Russell Westbrook has been having a season for the ages. He’s been able to put the Thunder in playoff contention and has been averaging a triple double through the first 48 games of the season. He has already over taken LeBron James and Larry Bird for triple doubles all-time and even looks like he could catch Wilt Chamberlain’s career triple double total…catching Wilt in ANYTHING is an achievement worth mentioning.
If Westbrook is able to maintain this output, he will be the first player in NBA history since Oscar Robertson to average a triple double for an entire season!
It’s easy to use the ‘triple double’ argument but the perceived value of a TD has dramatically increased over the past 3 seasons.
Oscar Robertson averaged a Triple Double for an entire season and never won an MVP. He himself acknowledges that had he have known triple doubles were going to be considered such a big deal in the future he would have done it his whole career.
Is a triple double impressive? It certainly is…but is it overvalued by fans? Definitely. Especially when 10 assists isn’t always that impressive if you’re also committing 10 turnovers, or scoring 50 points on 38% from the field means that those 50 points could have easily been 60 or 70 between the whole team with a pass-first mentality.
Russell Westbrook’s body of work so far is without a doubt historic and it’s difficult to distinguish between that of, say, James Harden in the aggregate so the broader and more important question is:
Who’s likelier to win the hearts of the fans and the minds of the media, and how does one do that?
The trick is to examine who’s made a greater impact when games are on the line— who’s going to have the greater impact on winning.
Westbrook is perplexing as a crunch-time performer. He leads the NBA in total clutch points and in addition, he’s also a league-best plus-63 points in those situations. However, he’s not the efficient late-game scorer some desire, nor is he likely to surrender the ball when the game is on the line.
Despite the flaws, his play is a significant factor in Oklahoma City’s respectable 15-10 record in clutch-situation games. “I just like to win,” Westbrook said earlier this season. “My job is to come out and do whatever it takes to win, and that’s what I try to do every night.”
Westbrook is also dominating the record in usage rate. This stat measures the number of plays that end with a player shooting the ball, turning it over or getting to the free-throw line.
Westbrook’s regular-season usage rate is 41.4 percent, by far the highest in NBA history. That number skyrockets to a historic 60.9 percent in clutch time. A whopping 93.9 percent of his made field goals are unassisted. When games get down to the wire, nothing on this earth can separate Westbrook from the ball.
Fans and media absolutely love this just so long as it’s working and the team is winning games. While ever that criteria isn’t being met you can expect to be crucified in a dozen different ways.
Although the MVP discussion is much more complex and nuanced than who has the best stats late in close games, Harden currently has an advantage as the Rockets rack up wins and climb in the standings. Unfortunately, history shows that triple-doubles alone won’t win Westbrook the award.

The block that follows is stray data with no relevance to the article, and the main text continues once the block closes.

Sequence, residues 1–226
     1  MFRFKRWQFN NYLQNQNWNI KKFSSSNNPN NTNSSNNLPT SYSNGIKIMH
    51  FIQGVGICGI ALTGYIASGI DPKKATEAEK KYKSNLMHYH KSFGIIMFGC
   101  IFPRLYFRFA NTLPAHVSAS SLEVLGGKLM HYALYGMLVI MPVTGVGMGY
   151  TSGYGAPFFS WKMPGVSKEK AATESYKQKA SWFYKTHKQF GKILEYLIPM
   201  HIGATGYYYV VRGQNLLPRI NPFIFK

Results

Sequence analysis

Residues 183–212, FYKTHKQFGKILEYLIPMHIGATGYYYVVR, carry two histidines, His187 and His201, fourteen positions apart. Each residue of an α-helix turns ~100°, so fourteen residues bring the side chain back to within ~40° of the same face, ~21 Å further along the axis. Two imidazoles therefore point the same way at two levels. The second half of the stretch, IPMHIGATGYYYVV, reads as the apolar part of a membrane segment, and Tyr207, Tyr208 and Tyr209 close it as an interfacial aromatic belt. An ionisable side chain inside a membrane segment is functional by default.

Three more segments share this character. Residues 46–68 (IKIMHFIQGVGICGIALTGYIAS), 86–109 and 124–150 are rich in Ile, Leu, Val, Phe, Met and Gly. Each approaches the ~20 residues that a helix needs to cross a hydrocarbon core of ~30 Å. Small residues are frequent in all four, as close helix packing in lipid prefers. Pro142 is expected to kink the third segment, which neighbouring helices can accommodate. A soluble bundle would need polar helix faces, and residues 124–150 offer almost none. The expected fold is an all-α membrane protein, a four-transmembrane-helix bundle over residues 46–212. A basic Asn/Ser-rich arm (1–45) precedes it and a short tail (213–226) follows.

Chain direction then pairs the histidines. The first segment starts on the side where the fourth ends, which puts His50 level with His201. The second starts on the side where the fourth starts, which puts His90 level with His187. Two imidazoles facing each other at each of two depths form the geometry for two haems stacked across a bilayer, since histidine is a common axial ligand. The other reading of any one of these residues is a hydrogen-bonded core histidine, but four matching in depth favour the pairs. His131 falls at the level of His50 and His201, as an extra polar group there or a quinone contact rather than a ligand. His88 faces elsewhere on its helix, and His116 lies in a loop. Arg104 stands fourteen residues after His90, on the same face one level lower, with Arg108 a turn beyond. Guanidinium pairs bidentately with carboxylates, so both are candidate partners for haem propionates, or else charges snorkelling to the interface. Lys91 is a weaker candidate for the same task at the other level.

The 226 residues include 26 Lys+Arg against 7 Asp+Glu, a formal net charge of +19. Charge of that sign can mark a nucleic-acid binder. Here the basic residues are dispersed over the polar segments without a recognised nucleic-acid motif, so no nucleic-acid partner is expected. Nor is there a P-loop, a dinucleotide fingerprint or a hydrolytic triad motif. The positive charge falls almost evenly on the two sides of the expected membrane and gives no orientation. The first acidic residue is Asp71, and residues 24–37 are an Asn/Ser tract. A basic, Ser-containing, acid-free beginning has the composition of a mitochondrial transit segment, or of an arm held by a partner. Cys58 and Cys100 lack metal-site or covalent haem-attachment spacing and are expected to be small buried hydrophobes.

Making big plays when games get tight might give him a small advantage at season’s end.
Wins matter, and the Thunder is only just in playoff contention.
A sub-50-win team hasn’t had the MVP since 1982. That’s a fact. More subjectively, the award also trends towards players who make their teams into at least borderline championship contenders by increasing their individual level of play. Two exceptions are Allen Iverson in 2001 and Derrick Rose in 2011, whose teams were carried by their defense more than their offense, but it still remains that the MVP usually goes to the best individual player on a team at or near the top of the league.
In 1962, Wilt Chamberlain averaged 50.4 points and 25.7 rebounds per game. Both led the league. He scored 100 points in one game. In the same year, Oscar Robertson averaged 31-12-11. Neither of them won the league’s MVP award, and it wasn’t really close.
Kobe Bryant had one of the best scoring seasons of all time in 2006. He averaged 35 points, 5 rebounds, and 4.5 assists, and scored 81 against the Raptors. He led an absolutely hopeless roster to the playoffs. He didn’t win MVP. He wasn’t even Top 3 in voting.
LeBron averaged 30-8-7 in 2008, but like 2006 Kobe, he didn’t even place in the Top 3 of MVP voting.
The common theme is that less statistically spectacular players can and often do get the nod over players having historic individual seasons. The voters reward winning and playing at a high individual level, not one or the other, and they always have.
The MVP historically has made their team better than they were, and this can’t be said for Westbrook and the current OKC team.
The Thunder are far worse than they were last year. That’s not directly Westbrook’s fault, obviously, but there has never been an NBA MVP whose team dropped off as drastically as the Thunder have this season. Usually, if anything, players are rewarded for making their team better than the previous season.
This doesn’t mean Russell Westbrook definitely won’t win MVP and it certainly doesn’t mean he doesn’t deserve MVP either.
The reality of the situation is that if Russell Westbrook manages to collect an MVP trophy as his hardware for this NBA season it’ll be an anomaly when compared to pretty much every other season the award has existed. The argument can easily be made that the selection process does make the award itself is arbitrary and therefore within reach if the NBA and the media decide the story is good enough. But we’ll just have to wait and see…